Ya’akov receives a taste of his own medicine: middah keneged middah, measure for measure. He learns what it is like to be deceived the hard way. So this story is not just about Lavan being cruel—it is about Ya’akov facing that cruelty. He has to face the mirror-image of himself in Lavan to grow us a person, to realize that he cannot, should not treat people as Lavan treats him.

So Perchik may be right, to not trust someone who uses others for money. But there is more to the story. There is a warning that we should not become that type of person. Because we learn from this story that the deeds we commit find their way back to us, that the chickens do come home to roost. And rather than spend twenty years learning that lesson, it is better for us to read it in the Torah, engage in self-reflection, and try improving our own character today.

Shabbat Shalom!

Rabbi Gelman
Service Leader Sign Up

Are you interested in leading services? Reading Torah? You can sign up on our service leader sign up sheet! If you are interested in learning how to read Torah or lead services, contact Rabbi Gelman at rabbi@agudath-achim.com.
In Person Service Times:
Tuesday: 7:30 AM
Wednesday: 8:00 AM
Friday: 8:00 AM (followed by breakfast) & 8:00 PM
Shabbat: 9:45 AM
This Shabbat: 

2023 | 5784 

Candle Lighting: 5:03 pm
Havdalah: 6:00 pm
(all times are for Savannah)
Annual Torah reading: Genesis 28:10-32:3
(Etz Hayim pp 166-187)
Triennial Torah reading: Genesis 30:14-31:16
(Etz Hayim pp 176-181)
Haftarah: Hosea 12:13-14:10
(Etz Hayim pp 188-193)


November 25th
Gerald Caplan
Gale Hirsh
Morgan McGhie

November 27th
Michelle Allan

November 28th
Rachel Israel
Timothy Mescon

November 29th
Lynn Berkowitz

November 30th
Amy Kaminsky

Mitzvah Grams

If you'd like to wish AA members Happy Birthday or Happy Anniversary, the Sisterhood will be glad to send cards for you!
The cost is just $.75 for individual names or $50.00/ 6 months for all members with a date to celebrate.

For more information or to enroll, call Natalie Hyman at 518-265-6777 or email her at njhyman@aol.com.

November 24 - December 1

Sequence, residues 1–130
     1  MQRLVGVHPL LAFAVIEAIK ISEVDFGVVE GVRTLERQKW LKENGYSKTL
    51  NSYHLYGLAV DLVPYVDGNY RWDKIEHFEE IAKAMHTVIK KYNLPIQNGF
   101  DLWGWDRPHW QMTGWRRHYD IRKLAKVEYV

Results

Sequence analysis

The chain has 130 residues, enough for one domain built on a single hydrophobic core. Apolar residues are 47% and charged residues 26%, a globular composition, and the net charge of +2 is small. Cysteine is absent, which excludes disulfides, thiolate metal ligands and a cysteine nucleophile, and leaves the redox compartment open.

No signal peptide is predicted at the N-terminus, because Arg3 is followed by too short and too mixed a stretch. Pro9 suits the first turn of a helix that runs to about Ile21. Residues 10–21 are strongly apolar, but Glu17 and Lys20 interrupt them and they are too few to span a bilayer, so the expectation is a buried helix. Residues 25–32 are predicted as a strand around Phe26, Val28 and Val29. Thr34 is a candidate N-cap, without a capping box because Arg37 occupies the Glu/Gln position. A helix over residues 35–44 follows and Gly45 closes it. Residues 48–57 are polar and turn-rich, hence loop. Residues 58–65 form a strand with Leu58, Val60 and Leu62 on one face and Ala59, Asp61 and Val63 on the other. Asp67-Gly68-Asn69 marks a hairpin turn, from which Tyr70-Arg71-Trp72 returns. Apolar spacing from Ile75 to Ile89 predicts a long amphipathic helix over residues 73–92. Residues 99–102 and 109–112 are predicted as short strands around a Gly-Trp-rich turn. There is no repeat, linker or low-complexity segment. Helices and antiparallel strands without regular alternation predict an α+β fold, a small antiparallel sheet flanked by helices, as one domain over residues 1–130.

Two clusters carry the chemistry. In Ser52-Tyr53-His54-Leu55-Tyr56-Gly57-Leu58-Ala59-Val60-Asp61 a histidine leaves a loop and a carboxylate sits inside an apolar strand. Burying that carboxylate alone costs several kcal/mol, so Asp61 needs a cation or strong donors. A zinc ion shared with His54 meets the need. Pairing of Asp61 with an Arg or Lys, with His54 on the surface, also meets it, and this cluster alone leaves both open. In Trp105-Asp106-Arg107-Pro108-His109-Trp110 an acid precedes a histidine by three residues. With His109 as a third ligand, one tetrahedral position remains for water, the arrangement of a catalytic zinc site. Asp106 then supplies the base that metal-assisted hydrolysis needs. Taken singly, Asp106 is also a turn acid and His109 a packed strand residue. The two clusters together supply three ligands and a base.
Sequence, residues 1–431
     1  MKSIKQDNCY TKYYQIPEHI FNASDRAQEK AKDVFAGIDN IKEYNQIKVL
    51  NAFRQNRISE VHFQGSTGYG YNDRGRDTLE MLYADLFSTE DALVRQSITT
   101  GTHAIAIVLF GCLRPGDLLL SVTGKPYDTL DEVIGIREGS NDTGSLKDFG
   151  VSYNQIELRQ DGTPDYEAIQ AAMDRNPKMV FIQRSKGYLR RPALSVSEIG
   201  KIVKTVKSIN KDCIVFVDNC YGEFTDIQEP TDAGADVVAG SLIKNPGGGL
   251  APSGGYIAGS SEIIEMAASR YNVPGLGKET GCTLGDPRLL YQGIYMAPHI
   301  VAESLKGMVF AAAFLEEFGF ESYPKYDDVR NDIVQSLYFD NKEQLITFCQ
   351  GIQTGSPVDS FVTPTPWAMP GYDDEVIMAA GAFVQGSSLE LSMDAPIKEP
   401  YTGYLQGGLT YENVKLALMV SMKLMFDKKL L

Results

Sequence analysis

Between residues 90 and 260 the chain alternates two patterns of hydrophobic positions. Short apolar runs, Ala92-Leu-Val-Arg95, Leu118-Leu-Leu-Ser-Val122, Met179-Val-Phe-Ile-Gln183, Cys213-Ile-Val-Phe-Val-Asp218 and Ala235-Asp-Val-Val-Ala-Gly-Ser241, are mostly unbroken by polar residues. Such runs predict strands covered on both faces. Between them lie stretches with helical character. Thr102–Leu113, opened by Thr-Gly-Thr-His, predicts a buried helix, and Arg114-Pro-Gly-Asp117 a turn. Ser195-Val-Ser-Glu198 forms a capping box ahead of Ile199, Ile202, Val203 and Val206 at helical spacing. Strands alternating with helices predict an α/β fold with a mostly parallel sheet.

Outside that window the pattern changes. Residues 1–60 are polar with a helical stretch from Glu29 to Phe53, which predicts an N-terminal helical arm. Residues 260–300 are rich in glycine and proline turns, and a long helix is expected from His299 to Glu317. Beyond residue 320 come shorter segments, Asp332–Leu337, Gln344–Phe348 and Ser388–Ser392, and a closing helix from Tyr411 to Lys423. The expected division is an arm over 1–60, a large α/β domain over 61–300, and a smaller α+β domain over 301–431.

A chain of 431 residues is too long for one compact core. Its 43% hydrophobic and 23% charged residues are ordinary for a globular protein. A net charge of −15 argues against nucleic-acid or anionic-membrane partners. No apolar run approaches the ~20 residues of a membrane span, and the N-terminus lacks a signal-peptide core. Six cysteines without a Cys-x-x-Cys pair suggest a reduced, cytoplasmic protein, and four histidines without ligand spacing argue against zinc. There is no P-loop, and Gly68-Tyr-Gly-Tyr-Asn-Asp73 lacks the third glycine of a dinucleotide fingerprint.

Thursday night/Friday, November 24 - 11 Kislev
Rosa Selfon - aunt of Karyn Gross, great-aunt of Shellie Jensen

Friday night/Saturday, November 25 -12 Kislev
Hannah Mastel - mother of Eric Mastel

Saturday night/Sunday, November 26 - 13 Kislev
Alan Simon - husband of Lynn Simon

Sunday night/Monday, November 27 - 14 Kislev
Marcia Lebos - wife of Harvey Lebos
Helena Silvers - mother of Lisa Kaminsky
Allan Ullman - son of Harriet Ullman, brother of Susan Slotin

Tuesday night/Wednesday, November 29 - 16 Kislev
Helen Arkin - mother of Steve Arkin
Max Kreh - father of Stavie Kreh
Joseph Stock - husband of Dorothy Stock, father of Marla Geffen

Wednesday night/Thursday, November 30 - 17 Kislev
Janice Alterman - sister of Edward Cohen
Yaakov Ehrlich - grandfather of Motti Locker
Morris Kaminsky - father of Leah Gross,
uncle of Toby Friedman, Danny Kaminsky, & Myron Kaminsky
Eleanor Seidman - mother pf Alan Seidman
Aaron Udinsky - grandfather of David & Gary Udinsky

Thursday night/Friday, December 1 - 18 Kislev
Charles Caplan - father of Gerald Caplan
Arthur Feldman - father-in-law of Nancy Feldman
Irving Hoffman - father of Kenneth Hoffman

Commemoration of the Yahrzeit begins the evening of the first noted date.

The Art Show at the JEA beginning December 1, 2022, will feature the
Fiber Guild of the Savannahs
The Fiber Guild of the Savannahs is a group of fiber artists who meet regularly (via Zoom meetings at the moment) to share inspiration and techniques using a wide variety of fiber-related arts. Spinning, weaving, dyeing, quilting, knitting, basketry, rug making, paper manipulation, needle felting, and crocheting are just some of the crafts our members explore. We have a strong sense of community service and volunteerism. Our members demonstrate traditional pioneer crafts to children and families at the annual festivals at Oatland Island Wildlife Center. All persons—beginners, amateurs and professional fiber artists, are all welcome to join the guild.

JEA Art Gallery Reception

Fiber Guild of the Savannahs

Thursday, December 3—2  

Donor Dues Program
Rabbi Samuel Gelman
Adam Fins, President

Congregation Agudath Achim | office@agudath-achim.com | 912-352-4737 | www.agudath-achim.com